Want Higher Quality Sperm? Avoid Bacon

Study reveals high levels of processed meat in a diet affect man’s fertility

To those fellas intent on becoming fathers, it might be time to scrap your processed meat daily consumption. A new study presented this week at a meeting of the American Society for Reproductive Medicine in Boston by scientists at Harvard University revealed that one ration of bacon a day can damage a man’s fertility and affect semen quality, The Age reported.

In determining the findings, researchers compared the diet and sperm size and shape of 156 men in couples who were having trouble conceiving and undergoing in vitro fertilization. 

Results indicated that men who regularly ate processed meat had significantly lower levels of normal sperm compared to those who ate less amount of foods such as bacon, sausage, hamburgers, ham and mince. Specifically, men who consumed half a portion of processed meat a day had just 5.5 per cent ‘normal’ shaped sperm cells, compared to 7.2 percent of those who ate limited portions.

On the contrary, men who ate higher quantities of white fish such as cod every day had higher semen quality.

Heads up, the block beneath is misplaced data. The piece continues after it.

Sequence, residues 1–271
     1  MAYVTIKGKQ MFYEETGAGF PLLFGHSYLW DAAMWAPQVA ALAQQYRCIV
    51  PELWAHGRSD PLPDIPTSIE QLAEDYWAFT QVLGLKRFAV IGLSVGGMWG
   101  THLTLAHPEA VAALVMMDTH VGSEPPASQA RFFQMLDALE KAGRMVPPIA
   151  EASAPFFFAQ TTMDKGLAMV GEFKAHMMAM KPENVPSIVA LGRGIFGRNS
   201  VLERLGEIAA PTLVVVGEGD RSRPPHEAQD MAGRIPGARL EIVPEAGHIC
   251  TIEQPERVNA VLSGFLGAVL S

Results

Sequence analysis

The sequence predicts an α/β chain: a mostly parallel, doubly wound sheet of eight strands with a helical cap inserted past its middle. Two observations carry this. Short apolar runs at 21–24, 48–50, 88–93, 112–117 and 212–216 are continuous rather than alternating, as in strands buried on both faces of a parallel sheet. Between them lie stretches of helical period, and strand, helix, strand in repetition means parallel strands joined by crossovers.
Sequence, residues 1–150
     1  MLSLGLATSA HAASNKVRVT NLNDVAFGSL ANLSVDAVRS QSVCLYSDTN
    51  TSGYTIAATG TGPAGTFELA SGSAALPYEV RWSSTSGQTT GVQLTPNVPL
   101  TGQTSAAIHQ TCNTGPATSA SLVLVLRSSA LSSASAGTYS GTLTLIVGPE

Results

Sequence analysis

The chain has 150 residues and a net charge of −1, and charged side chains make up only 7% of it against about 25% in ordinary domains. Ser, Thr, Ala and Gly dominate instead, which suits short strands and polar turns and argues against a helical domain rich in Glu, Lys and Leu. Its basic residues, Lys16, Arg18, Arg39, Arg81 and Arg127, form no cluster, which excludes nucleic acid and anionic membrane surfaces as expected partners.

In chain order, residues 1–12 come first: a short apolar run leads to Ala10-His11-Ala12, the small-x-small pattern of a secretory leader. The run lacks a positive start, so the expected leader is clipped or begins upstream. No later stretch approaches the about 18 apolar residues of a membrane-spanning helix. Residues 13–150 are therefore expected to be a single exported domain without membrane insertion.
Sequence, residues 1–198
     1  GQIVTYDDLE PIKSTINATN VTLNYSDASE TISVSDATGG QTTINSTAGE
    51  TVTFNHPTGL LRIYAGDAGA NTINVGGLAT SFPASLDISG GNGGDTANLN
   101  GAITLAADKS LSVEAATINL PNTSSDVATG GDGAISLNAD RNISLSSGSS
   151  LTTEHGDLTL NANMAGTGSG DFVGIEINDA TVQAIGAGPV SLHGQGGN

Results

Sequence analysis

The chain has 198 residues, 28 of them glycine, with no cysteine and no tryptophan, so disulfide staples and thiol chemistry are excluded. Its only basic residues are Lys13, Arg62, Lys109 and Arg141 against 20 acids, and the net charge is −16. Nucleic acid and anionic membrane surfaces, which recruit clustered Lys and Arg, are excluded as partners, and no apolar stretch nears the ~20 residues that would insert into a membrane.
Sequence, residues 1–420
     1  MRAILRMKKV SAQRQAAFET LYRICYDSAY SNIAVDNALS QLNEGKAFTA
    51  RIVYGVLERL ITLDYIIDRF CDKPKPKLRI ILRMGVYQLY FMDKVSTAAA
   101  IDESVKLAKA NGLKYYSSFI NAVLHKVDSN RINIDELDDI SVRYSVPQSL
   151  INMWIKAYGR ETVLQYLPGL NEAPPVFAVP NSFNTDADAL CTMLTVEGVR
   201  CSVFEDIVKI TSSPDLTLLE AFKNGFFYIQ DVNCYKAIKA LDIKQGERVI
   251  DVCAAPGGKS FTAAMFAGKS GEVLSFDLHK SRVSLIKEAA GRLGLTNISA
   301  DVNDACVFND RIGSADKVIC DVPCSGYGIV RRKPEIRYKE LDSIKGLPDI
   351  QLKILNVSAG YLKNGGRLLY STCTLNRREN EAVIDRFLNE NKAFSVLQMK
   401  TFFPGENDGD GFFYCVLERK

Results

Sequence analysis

Researchers said it was not clear why such foods impacted on men's fertility, however red meat is thought to have higher levels of pesticides that could potentially interfere with hormones.

Dr. Allan Pacey, a fertility expert at the University of Sheffield, said while it is widely known that a healthy diet could improve male fertility, it is still unknown why these specific foods affected sperm quality negatively:

"The relationship between diet and men's fertility is an interesting one and there is convincing evidence that men who eat more fresh fruit and vegetables have better sperm than men who don't. However, less is known about the fertility of men with poor diets,” he said.

Anotherstudy conducted by Harvard last year also linked high red meat consumption to increased risks of diabetes, coronary heart disease, stroke and certain cancers.


Jodie Gummow is a senior fellow and staff writer at AlterNet.


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